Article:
GM battles counterfeit scan tools, aftermarket specialist tells automotive task force

Counterfeit scan tools have created problems for automotive technicians who have purchased them, either unknowingly or with the hope of saving money. During the Automotive Aftermarkets Parts Expo, the National Automotive Task Force (NASTF) hosted Bob Stewart, customer care and aftersales for General Motors Co. at its fall annual meeting at the Sands Expo Center, to offer his perspective on counterfeit tools and what can be done about them.

Stewart noted that the Internet has created “loose sharing of intellectual property.” This includes the sale of products that are sold in violation of copyright laws.

Stewart said there are three types of products that violate intellectual property rules:  clones, counterfeit products and products sold by diversion. A clone is a product that is a copy of another product. A counterfeit product is one that is sold with the intention of defrauding the buyer. Diversion occurs when a product is sold by an unapproved source.

Buyers can know a tool is counterfeit by its low price, Stewart said. He said most scan tools sold over the Internet for a low price are counterfeit. He noted that the only way to prevent these products from being sold is for people to stop buying them. “To whatever strategy we put in place, they (sellers of counterfeit products) will adapt to it,” he said.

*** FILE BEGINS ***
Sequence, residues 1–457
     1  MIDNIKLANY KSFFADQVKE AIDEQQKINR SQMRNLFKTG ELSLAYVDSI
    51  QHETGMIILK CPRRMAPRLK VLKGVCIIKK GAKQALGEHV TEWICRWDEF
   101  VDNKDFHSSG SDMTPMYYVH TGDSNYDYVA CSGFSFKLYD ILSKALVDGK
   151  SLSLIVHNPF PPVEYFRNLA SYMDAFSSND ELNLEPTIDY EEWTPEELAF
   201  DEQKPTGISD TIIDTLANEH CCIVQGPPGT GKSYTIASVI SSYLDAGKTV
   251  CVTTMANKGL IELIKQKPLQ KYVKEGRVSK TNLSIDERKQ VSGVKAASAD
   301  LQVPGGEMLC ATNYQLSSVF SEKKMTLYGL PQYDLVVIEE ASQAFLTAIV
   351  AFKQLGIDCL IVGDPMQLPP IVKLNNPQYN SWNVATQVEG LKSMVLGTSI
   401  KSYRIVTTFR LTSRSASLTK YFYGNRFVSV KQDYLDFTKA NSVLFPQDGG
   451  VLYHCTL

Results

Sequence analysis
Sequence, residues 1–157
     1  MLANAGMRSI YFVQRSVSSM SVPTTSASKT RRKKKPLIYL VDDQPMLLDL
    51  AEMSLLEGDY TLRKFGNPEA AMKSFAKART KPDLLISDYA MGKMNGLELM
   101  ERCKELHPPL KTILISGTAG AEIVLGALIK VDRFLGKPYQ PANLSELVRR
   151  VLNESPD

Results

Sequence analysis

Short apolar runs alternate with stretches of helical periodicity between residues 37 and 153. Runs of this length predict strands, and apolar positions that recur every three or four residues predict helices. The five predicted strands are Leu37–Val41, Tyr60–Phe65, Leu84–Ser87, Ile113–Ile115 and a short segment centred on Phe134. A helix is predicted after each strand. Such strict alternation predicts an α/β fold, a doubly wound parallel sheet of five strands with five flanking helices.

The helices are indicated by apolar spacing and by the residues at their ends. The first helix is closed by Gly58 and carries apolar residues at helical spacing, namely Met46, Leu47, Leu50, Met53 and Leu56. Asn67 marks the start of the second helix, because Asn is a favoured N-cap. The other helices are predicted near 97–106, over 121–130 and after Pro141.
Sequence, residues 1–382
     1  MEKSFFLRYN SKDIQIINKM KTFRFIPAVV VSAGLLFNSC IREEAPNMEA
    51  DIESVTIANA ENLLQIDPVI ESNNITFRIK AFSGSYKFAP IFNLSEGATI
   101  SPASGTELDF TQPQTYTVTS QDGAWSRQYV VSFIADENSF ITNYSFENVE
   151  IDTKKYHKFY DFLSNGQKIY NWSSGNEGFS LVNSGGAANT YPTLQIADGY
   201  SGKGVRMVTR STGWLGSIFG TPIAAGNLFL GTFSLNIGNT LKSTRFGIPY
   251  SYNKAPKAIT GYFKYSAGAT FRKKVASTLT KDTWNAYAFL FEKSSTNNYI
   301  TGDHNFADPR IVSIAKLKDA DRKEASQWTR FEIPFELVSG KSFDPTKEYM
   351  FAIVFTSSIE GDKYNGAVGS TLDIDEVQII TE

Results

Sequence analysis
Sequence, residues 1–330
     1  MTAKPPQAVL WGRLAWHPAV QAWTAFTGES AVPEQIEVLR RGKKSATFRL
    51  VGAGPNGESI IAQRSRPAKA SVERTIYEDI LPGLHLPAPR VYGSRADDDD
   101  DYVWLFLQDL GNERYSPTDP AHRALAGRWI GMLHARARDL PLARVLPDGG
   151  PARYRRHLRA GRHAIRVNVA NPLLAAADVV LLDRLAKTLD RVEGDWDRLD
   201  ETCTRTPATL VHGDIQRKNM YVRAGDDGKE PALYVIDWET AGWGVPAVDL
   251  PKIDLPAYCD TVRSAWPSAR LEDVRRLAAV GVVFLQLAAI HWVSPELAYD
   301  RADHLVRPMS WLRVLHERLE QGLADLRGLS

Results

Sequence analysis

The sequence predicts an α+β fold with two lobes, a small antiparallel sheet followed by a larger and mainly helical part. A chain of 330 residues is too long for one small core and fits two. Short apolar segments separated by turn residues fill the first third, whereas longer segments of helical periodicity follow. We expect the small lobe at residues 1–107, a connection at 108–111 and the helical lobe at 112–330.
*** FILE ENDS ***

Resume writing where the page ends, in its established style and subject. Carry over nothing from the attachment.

Problems that buyers of counterfeit products encounter include quality issues. These tools carry a lot of risks because they result in misdiagnoses, they have no warranties and no technical support.

“What’s the reward?” Stewart asked. “You save (money) upfront.”

He showed pictures of counterfeit GM software. Some of the software CDs have pictures of pink pandas on them.

Stewart did not want to give all the characteristics of counterfeit tools in a public forum because doing so would make it possible for the manufacturers of these tools to correct some of the identifying characteristics.

He showed pictures of interior circuit boards of some of these tools that have poor workmanship.

Stewart noted that China is the leading source for counterfeit goods.

He noted that GM is involved in combatting counterfeit tools in various ways. The company is working with customs officials in many countries to alert them to these goods. Enforcement agencies have raided factories, distributors and retailers of these products.

GM also takes legal action against sellers of these tools, both civil and criminal actions.

The company has involved the FBI, Homeland Security, Customs and Border Patrol and the U.S. Postmaster in its efforts to battle counterfeiters.

“Our best solution is to affect the demand,” he said.

He noted that a poll done by the International Automotive Technicians Network found that only 6.3 percent of its members ever knowingly bought a counterfeit scan tool.

“If the deal is too good to be true, it probably is,” he said.

During the question and answer period, Hughes was asked if the problem will become less severe as Internet cloud-based information replaces imbedded data tools. Hughes said this is possible, but “as soon as we put something in place, they find a way around it.”

He said the company relies a lot on industry members to advise them of counterfeit tools being sold. He encouraged people in the audience to contact the company when they come across these tools.

He noted it is not illegal to own a scan tool; only to sell one.

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